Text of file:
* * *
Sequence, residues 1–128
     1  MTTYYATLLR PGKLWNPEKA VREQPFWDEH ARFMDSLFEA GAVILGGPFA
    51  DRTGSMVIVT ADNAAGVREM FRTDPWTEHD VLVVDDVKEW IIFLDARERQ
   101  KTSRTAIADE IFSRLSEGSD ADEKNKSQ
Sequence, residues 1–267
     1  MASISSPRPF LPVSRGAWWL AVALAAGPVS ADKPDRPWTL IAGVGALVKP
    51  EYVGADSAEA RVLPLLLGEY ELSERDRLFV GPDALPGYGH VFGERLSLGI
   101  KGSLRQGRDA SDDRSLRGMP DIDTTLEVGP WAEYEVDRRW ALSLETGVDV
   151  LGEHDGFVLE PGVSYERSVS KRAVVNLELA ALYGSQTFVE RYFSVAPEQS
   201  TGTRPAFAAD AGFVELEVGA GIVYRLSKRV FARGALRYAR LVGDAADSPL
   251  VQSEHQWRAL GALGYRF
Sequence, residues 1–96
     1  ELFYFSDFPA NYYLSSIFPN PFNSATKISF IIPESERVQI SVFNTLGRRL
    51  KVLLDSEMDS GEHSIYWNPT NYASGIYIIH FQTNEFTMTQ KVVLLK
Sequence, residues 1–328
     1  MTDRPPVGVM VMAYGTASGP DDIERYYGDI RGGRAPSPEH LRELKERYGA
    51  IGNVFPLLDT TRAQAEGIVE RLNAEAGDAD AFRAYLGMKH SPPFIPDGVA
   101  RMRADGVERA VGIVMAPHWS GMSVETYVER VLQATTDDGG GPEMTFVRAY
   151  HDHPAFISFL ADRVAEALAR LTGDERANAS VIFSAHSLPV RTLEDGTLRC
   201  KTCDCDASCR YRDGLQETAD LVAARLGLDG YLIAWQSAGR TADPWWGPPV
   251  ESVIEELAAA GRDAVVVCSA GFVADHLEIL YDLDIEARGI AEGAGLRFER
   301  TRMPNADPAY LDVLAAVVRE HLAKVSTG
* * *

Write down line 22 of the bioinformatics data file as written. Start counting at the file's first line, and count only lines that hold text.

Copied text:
   301  TRMPNADPAY LDVLAAVVRE HLAKVSTG